SOUNDBITE [English] Monica Costa, Campaigner, And Amnesty International Migration:“The situation in Lesbos and in general in the islands is extremely concerning now and we believe that this is the result, the direct result, of the implementation of the EU-Turkey deal. So, because of this deal the overcrowding in the islands of refugees and migrants is very, very concerning.”

Narration: Many have been living for months in a distressing limbo in sordid refugee camps on the mainland and on Greek islands near Turkey, unable to move to countries where they hoped to seek asylum, and with no means or motivation to return their war-stricken countries.

SOUNDBITE [English] A Refugee: Most of people here have a hope that they will open the borders, at least for those people stuck here on the border, but finally they said no way to go through these borders. This make us feel so bad, angry.”

SOUNDBITE [English] A Refugee: I am live here, on the border. I stay here on the border. No sleep, no food, no water, just here on the border.”

SOUNDBITE [English] A Refugee: Ok, I just want to tell you something, why they are closing the border? We are not terrorist people. Did I look like a terrorist? Really, I swear.”

SOUNDBITE [English] A Refugee: Not good, not good. We are waiting here, rain, cold, sick. Lie, everybody lie.”

Narration: The extremely slow processing of asylum applications for those in the Greek camps has been the stumbling block to refugees. That is partly because the European Union has sent just a fraction of the assistance it pledged to Greece last year. A separate European Union plan to ease Greece’s burden by relocating tens of thousands of asylum seekers has also failed to take off, with European countries taking only a few thousand of the many stuck in Greece.

SOUNDBITE [English] Adrian Edwards, Spokesperson for the UN Refugee Agency: “As of two days ago (4 January), only 7,760 asylum seekers had left Greece or were scheduled to leave under the EU Relocation Mechanism that? You may recall? Was agreed in 2015 to relocate people within two years. This figure represents just 12 per cent of the 66,000 agreed last year. It is unacceptably low, we are appealing again to Member states to respect their previous commitments and offer additional relocation spaces without delay.”

Narration: While European leaders have hailed the “success” of a deal aiming to stop migrant boats being launched from Turkey to Greece, the number of asylum seekers taking the longer and more treacherous route from Libya to Italy has increased dramatically. While more than 5,000 refugees died attempting sea journeys to Europe in 2016, of drowning, and suffocation in overcrowded dinghies, the cold itself is taking lives now. That’s while calls to increase search and rescue missions and provide safe passage have gained no response.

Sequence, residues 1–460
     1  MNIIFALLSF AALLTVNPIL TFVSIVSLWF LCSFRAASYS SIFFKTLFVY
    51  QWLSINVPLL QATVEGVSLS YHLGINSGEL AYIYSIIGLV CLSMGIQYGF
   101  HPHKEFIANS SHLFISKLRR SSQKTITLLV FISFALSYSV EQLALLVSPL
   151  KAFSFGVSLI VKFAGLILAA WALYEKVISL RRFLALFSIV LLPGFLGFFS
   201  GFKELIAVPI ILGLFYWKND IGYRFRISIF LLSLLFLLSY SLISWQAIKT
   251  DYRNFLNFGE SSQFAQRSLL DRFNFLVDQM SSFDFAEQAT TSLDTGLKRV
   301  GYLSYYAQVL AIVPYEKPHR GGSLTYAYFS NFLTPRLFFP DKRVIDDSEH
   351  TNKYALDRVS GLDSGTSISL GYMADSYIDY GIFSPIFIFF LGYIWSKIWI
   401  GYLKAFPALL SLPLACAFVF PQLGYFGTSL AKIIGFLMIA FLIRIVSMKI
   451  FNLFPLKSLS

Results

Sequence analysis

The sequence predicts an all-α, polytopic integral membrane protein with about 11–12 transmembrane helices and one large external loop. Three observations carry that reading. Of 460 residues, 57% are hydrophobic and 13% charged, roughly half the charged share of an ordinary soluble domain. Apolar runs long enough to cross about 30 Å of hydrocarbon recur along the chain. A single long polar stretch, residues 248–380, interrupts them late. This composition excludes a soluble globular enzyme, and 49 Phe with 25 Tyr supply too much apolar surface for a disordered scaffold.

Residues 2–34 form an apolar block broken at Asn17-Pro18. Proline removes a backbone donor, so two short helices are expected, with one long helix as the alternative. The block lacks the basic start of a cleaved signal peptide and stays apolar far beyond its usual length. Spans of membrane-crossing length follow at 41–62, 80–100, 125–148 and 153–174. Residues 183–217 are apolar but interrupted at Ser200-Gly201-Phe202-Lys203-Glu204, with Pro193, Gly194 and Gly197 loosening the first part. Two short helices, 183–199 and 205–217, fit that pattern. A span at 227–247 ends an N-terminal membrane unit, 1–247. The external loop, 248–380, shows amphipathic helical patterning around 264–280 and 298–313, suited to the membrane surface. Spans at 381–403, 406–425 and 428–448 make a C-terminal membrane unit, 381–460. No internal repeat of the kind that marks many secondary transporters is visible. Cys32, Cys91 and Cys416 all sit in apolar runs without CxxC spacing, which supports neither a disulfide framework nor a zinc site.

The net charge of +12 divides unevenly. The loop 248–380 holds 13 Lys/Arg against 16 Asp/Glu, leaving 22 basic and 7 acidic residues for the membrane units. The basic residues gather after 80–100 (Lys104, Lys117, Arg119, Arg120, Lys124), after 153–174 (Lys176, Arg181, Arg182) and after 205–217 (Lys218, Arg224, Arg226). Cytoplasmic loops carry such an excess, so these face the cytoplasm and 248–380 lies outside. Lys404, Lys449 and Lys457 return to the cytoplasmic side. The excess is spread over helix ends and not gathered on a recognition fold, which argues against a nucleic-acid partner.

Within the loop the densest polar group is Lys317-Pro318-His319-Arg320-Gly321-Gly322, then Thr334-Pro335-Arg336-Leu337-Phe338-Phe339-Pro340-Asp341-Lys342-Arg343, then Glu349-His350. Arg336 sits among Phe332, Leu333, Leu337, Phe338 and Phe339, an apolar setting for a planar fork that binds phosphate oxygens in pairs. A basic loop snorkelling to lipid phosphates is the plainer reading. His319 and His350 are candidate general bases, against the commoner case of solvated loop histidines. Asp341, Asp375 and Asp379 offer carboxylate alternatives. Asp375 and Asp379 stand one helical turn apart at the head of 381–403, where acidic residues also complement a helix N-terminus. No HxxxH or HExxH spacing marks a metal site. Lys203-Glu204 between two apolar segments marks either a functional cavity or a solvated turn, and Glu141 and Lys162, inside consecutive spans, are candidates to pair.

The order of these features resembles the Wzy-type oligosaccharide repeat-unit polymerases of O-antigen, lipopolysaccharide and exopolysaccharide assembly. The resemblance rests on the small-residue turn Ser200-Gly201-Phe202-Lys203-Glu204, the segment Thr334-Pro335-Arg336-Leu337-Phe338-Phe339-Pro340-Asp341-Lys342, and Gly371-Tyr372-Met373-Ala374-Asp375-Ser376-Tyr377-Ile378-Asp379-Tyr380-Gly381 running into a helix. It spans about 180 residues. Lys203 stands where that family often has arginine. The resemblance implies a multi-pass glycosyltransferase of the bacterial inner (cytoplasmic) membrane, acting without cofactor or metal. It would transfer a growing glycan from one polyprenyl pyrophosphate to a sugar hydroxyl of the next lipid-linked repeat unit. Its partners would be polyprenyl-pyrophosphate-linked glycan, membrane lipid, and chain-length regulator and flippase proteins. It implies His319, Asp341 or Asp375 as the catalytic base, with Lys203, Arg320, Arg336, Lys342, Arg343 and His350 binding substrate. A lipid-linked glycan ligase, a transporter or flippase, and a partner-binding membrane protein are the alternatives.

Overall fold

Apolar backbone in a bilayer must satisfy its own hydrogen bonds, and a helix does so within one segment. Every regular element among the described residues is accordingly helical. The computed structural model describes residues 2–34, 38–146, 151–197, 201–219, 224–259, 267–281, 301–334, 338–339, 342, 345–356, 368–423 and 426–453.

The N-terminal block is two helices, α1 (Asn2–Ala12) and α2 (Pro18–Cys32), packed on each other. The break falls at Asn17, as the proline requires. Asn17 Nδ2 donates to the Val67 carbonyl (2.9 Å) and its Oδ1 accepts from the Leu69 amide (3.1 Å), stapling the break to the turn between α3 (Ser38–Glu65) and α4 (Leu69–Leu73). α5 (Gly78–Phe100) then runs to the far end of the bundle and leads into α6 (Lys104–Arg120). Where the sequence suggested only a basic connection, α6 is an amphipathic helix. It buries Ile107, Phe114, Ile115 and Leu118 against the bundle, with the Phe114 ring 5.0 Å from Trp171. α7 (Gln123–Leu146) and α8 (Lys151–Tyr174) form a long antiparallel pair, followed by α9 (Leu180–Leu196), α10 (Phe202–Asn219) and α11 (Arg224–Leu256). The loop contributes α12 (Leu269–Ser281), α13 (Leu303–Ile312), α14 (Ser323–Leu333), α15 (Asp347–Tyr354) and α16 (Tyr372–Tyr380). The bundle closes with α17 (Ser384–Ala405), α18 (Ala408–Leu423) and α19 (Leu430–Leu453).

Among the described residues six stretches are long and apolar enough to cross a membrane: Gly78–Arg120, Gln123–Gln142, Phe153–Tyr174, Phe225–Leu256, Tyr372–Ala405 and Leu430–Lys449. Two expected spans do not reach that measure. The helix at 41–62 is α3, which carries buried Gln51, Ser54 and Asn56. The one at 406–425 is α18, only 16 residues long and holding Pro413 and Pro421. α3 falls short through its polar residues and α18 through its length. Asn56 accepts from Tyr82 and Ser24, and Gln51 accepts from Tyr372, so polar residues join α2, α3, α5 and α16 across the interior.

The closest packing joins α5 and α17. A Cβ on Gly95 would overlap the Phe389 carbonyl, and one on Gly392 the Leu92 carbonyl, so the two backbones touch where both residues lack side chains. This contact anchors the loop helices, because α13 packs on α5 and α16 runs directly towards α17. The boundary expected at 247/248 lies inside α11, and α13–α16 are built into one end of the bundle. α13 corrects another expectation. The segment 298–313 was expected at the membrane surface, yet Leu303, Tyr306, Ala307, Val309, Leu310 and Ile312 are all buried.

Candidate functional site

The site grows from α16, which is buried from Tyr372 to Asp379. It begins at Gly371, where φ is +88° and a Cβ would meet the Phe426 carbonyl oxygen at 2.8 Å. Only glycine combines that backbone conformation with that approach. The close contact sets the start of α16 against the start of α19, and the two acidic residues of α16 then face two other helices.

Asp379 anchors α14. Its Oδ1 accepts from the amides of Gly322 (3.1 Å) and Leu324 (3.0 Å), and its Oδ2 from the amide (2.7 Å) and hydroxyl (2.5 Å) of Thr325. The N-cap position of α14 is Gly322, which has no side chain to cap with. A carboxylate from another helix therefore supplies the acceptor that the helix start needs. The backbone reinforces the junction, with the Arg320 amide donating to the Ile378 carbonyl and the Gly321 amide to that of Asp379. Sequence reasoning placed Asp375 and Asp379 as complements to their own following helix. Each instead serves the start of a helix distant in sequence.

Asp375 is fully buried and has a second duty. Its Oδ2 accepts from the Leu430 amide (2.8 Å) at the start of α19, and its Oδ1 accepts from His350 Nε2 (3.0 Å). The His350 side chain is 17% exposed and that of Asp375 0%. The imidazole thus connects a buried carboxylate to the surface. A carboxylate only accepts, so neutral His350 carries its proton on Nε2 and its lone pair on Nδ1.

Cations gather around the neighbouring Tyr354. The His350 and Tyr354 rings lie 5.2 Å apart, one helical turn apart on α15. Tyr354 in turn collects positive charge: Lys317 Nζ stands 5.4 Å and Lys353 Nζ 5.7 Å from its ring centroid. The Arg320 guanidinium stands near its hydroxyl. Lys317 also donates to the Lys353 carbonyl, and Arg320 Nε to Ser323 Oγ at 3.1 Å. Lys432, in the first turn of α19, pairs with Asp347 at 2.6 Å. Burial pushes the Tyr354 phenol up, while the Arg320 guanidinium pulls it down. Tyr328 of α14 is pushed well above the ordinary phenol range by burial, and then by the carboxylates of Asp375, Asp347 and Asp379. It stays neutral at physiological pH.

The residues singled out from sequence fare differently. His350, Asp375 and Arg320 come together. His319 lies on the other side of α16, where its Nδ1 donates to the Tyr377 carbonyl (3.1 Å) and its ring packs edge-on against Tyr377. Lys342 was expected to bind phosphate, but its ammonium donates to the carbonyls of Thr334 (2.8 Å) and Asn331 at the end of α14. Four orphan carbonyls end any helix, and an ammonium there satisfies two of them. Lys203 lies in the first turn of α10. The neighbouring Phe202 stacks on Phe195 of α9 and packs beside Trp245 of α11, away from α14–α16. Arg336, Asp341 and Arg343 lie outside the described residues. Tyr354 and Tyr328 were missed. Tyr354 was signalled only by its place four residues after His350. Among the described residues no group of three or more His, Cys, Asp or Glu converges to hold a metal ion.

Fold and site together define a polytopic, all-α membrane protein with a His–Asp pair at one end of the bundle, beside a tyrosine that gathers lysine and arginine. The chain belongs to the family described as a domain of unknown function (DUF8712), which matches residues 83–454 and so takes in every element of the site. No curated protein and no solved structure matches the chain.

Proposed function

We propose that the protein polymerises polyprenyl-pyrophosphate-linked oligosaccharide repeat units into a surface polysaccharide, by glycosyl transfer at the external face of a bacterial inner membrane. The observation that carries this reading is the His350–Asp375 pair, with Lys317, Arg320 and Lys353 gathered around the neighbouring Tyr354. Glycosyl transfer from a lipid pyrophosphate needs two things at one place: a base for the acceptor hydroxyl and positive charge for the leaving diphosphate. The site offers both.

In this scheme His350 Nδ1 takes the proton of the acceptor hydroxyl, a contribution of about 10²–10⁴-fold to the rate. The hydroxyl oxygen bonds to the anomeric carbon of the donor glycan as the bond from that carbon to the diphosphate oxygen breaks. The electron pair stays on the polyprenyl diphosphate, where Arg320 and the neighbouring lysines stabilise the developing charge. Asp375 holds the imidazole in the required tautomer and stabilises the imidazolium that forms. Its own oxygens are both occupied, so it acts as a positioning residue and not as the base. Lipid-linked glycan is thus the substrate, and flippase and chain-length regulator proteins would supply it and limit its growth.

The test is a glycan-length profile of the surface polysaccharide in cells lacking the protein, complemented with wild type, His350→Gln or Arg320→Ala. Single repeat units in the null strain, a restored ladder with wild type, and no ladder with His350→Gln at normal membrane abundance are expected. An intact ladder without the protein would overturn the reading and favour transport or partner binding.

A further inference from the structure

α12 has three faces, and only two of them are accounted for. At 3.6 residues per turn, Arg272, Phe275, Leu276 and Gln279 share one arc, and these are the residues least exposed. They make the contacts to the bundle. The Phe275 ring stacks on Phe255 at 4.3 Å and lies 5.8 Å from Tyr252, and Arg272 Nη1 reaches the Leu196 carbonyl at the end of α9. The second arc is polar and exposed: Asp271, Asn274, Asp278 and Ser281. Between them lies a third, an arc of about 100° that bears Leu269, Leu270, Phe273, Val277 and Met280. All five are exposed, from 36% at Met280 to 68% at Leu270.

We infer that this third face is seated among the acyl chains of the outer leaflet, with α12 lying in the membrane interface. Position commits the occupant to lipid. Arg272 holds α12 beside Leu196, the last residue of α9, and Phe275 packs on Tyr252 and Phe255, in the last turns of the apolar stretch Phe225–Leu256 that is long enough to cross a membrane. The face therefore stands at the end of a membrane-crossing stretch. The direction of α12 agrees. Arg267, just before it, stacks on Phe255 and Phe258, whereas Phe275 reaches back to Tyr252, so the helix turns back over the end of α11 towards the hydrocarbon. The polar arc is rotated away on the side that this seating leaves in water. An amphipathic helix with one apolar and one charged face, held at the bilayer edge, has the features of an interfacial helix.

SOUNDBITE [English] Michele Telaro, Coordinator at Medecins Sans Frontiers: “Now the winter is going on, the conditions become more and more difficult and unfortunately the departures do not stop. We already said but we continue to repeat that there is not the only possibility to decrease mortality is just a legal solution and a legally safe way for people to access Europe, knowing that this year has been the deadliest year ever with more than 4,600 people that died in the sea trying to reach Europe.”

Narration: It seems deportation is the only help the EU can offer to these refugees who are seeking shelter in European countries.

SOUNDBITE [English] Max Avis, Coordinator at SOS Mediterranean Rescue Team:“The idea that they could be repatriated to Libya is horrifying. We are talking about... I can't give statistics, but most of the women that we brought in today have been raped and abused. Many of the men have been beaten, and not just once, this is a kind of routine thing that goes on for months and months in Libya. People are robbed, I mean, it is a tragedy. And if you think about, you know, someone said once that a society should be measured based on how they treat the most vulnerable. And I think we are doing a terrible job there, and I dread to think how we will be measured in the future by trying to repatriate these people to Libya. I think it is appalling.”

Narration: Despite the scale of the crisis, there is no coordinated response by European authorities. The biggest humanitarian crisis in Europe since WWII is on. Those who have survived years of war, violence and deadly journeys to safety, are now freezing to death on Europe’s doorstep.